Far from the Kivus, La Francophonie covers conflict and bad governance

These days, Kinshasa has made itself up a lot. Flags of the Democratic Republic of the Congo as well as the official logo of this year’s Sommet de la Francophonie are edging main avenues and boulevards of the 10-to-15-million megalopolis in Central Africa. Heads of State and Government, most notably French President François Hollande, of the member states of l’Organisation Internationale de le Francophonie (OIF) are expected over the weekend, while their emissaries, OIF staff, and DRC’s representatives have already come together for preliminary programme in pertinent localities around La Gombe, Kinshasa’s political and economic heart. Outside these venues, that include Hotel Memling, Grand Hotel, Halle de la Gombe, and – little outside – the Stade des Martyrs and the Palais de Peuple, heavily armed policemen, military and republican guards patrol around to make sure, Kinshasa and its internationally pariahrised government show a clean and clear picture hosting the outside world. It is probably the first such event for a very long time in the country and it comes at a moment when many things are at crossroads, to express it moderately.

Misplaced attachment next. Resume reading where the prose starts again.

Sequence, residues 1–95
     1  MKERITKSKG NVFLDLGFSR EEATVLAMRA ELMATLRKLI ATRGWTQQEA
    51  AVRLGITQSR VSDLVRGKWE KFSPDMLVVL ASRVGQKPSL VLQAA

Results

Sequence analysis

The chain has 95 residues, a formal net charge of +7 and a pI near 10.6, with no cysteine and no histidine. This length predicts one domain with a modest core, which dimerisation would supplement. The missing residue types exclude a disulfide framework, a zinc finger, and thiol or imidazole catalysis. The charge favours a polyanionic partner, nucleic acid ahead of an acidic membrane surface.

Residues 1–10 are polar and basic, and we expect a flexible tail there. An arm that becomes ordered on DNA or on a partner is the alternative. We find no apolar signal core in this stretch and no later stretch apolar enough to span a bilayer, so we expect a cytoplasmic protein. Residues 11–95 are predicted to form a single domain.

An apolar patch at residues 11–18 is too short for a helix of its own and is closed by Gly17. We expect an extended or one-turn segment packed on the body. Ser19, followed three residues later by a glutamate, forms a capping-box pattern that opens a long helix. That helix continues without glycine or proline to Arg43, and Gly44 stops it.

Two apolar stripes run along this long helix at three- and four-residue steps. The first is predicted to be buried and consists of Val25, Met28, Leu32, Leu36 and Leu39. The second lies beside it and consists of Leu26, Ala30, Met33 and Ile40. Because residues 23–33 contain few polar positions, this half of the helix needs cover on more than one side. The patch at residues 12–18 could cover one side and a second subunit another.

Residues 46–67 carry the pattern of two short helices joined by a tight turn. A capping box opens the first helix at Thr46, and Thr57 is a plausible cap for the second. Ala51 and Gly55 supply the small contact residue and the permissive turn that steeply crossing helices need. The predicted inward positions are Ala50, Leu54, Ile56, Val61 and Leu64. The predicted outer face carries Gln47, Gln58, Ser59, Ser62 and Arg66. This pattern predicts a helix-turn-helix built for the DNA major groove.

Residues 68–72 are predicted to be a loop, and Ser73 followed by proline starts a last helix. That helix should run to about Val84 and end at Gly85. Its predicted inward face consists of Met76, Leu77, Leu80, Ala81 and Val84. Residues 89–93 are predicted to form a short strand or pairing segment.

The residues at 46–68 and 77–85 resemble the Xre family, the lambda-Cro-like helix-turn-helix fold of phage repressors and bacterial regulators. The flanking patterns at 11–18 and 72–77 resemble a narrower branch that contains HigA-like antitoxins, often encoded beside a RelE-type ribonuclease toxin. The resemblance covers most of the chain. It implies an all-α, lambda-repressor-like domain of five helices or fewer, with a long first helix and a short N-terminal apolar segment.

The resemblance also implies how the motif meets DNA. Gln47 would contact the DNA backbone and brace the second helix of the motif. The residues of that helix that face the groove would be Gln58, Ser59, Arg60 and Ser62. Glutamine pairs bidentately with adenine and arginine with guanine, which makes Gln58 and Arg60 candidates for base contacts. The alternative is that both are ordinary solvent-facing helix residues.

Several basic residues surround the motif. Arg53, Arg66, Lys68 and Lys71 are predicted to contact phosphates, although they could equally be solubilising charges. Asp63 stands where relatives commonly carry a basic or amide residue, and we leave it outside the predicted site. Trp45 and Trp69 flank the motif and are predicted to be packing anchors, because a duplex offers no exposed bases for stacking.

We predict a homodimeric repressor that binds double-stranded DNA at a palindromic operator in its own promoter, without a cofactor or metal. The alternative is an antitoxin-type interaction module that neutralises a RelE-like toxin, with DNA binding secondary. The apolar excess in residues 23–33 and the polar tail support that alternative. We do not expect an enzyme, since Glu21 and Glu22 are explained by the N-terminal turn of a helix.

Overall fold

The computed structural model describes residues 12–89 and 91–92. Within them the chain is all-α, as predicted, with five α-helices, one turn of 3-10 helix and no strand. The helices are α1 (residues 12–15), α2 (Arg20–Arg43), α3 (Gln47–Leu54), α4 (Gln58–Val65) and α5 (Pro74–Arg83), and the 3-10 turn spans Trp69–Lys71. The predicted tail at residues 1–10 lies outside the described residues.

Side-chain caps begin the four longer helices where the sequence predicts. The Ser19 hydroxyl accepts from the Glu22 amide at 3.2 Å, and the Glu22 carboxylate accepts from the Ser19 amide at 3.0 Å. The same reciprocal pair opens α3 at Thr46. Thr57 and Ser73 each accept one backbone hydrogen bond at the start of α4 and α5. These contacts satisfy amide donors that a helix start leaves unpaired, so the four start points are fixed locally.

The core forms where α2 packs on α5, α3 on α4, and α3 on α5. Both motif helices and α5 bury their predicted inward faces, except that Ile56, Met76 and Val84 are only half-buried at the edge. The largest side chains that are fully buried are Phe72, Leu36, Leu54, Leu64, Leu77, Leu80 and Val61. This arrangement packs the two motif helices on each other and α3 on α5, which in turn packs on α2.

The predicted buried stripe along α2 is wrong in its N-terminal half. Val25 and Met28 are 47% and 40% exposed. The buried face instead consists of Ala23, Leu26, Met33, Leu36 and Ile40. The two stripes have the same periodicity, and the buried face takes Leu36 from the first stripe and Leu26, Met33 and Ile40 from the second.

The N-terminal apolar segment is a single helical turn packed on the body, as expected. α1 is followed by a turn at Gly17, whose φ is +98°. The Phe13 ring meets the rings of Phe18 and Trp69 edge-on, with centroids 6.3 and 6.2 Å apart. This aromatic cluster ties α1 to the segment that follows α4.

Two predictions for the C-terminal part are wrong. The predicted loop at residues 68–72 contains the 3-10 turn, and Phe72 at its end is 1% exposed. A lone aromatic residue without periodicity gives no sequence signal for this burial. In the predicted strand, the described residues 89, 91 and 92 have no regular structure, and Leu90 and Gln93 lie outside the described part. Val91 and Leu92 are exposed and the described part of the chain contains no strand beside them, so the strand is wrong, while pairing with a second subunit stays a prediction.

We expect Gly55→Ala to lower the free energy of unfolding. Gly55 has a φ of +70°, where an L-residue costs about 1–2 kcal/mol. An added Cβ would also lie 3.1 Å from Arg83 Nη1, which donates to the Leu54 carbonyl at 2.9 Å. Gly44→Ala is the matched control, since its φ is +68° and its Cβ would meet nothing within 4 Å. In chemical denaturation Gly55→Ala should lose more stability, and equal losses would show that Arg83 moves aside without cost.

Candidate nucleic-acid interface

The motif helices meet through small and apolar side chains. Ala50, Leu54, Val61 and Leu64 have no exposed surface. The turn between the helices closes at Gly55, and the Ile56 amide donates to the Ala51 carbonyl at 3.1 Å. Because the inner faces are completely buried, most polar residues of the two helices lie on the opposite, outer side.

Last year’s presidential elections have been marred by irregularities (cf. With Eyes Wide Open’s broad coverage) such as documented by the Carter Center, the EU, and many Congolese watchdogs. Joseph Kabila though, maintained power and a – at least – physically strong grip over the capital which is traditionally turned opposition, namely to Etienne Tshisekedi and his UDPS. Subject to massive repressions during campaign, elections and in their aftermath, Tshisekedi and his allies have not reacted the best way either: Incitations of ethnic quality and blunt political moves have been their answer to Kabila’s seemingly imposed victory at the ballot. French President Hollande wants to meet both of them separately during his below-24-hours visit to Kinshasa (which is, by the way, a big blow to Congolese hospitality since he does not even spend one night in the country) and has made it very clear, in advance, that the situation in terms of democracy and human rights in unacceptable for him. Without listing the reasons, it is obvious what he talks about: The fraudulent polls, the pending organisation of local and regional elections, the unsolved case of assassinated human rights advocate Floribert Chebeya and his driver, the repression of NGOs and opposition politicians, the still overwhelming corruption, and last but not least the ongoing myriad of conflicts in the east of the country.